NFT stands for non-fungible token. Non-fungible essentially means the token is unique and cannot be replaced with another. For example, a Bitcoin is fungible, so, if you trade one bitcoin for another you would have the same thing. Whereas, if you traded one NFT for another you would have something completely different.
An NFT is a unique piece of metadata which has been coded onto a blockchain. The NFT relates to a virtual item in existence such as drawings, music or art. The NFT is like a digital certificate which allows buyers to confirm ownership of the digital asset.
The digital artist Mike ‘Beeple’ Winkelmann sold an NFT called Everydays: The First 5000 Days for $69.3 million dollars at a digital art auction. The NFT is a collage of over 5000 images Beeple created and shared during the previous 13 years.
It has become incredibly easy for digital works to be copied and pasted without the copyright owner’s consent. This can happen just moments after the work has been uploaded legitimately through an intermediary. Many identical copies shared online diminish the value of the original works. When it comes to physical artwork, for example, a painting by Van Gogh, the original is unique and any replication attempt of the original can often be detected by experts, maybe the painting technique or the material used are different. However, digital copyright works can be identically copied instantaneously.
So, what is different about an NFT?
A NFT is a unique piece of metadata which indicates the origin of the works in question. It is not a copy of the works, it is a unique token which represents the work, a link to the creator and the original. A NFT cannot be tampered with as it is securely stored in a blockchain record. A NFT could be considered as a certificate of authenticity that sometimes comes with a purchase of a physical painting. More than one NFT can be created for the same piece of work, but they are still limited by the number generated by the creator.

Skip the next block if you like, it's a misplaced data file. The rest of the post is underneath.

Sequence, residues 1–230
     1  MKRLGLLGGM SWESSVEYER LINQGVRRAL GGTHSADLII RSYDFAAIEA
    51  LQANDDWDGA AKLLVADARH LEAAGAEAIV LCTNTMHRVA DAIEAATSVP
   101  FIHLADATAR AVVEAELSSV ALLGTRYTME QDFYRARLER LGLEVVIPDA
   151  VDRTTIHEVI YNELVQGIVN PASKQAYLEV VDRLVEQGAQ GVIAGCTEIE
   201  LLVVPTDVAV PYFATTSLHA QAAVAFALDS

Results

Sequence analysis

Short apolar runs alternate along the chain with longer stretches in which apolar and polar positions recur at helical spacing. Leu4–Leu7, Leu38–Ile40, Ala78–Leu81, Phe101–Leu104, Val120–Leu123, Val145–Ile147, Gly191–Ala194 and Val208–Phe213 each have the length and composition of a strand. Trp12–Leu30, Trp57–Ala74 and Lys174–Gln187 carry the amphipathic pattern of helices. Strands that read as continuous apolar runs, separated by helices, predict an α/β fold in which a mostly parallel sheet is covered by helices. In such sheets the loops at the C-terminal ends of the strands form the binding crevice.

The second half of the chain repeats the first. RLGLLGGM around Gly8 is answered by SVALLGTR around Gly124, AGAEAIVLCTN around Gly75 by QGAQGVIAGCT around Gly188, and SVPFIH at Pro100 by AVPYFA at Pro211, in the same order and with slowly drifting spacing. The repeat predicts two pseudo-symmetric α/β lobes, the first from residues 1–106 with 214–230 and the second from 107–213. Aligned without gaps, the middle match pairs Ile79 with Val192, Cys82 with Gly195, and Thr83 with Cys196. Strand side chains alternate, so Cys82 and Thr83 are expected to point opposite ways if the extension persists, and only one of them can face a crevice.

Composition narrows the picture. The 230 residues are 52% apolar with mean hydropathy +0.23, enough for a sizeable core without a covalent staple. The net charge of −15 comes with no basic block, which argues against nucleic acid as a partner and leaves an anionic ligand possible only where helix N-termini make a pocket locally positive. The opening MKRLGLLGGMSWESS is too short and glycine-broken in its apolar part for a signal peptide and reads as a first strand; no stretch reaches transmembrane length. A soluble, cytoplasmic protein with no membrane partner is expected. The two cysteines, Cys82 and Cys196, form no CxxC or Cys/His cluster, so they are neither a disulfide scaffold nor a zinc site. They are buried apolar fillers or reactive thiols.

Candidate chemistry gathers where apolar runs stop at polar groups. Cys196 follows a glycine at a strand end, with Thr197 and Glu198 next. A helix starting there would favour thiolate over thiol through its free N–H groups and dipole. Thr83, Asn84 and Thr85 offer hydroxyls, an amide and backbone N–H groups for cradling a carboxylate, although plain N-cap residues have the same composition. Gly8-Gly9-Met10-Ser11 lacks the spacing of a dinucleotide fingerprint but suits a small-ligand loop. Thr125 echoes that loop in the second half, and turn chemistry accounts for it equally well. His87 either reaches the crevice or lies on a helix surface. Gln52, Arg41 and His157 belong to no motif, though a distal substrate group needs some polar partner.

Copyright law is meant to give creators some control over the use of their works, and they should receive some benefit, usually money, when a third party uses the work. Copyright law gives creators rights over the copying, adaption, distribution, public performance or display, or the public communication of their works. However, in reality, the mass copying and sharing of online content has made it extremely difficult for copyright holders to assert their rights.
As there are far fewer NFT’s than the countless exact copies that could be created. Even if mass copies of a particular piece of work were to be made, diminishing its value, the value of its NFT would not decrease as it’s a scarce version of the digital work, a certificate of authenticity connected to the original. Another way of viewing an NFT is to imagine it is a signed limited-edition book. There may be millions of copies of that book, but the signed limited-edition version will usually have a higher value.
In the creative industry it has become common for creators to secure a deal with an intermediary. For example, musicians often have their works on platforms such as Spotify. The intermediaries that host and make the works available to end users tend to retain the largest part of the profits, while the copyright holders only receive a small fraction of the profits. Recently (29.09.2021), NME reported that fewer than 800 United Kingdom (UK) musicians make a living from streaming alone. The few that could make a living were achieving over 1 million UK streams a month. The intermediaries also often retain a lot of control of the use of the works. The tokenisation of digital works through NFT’s and blockchain technology could potentially allow creators to distribute their works directly to end users, giving them more control and allowing them to retain much more of the profits.
If you have any further questions about NFTs, please get in touch with the team today.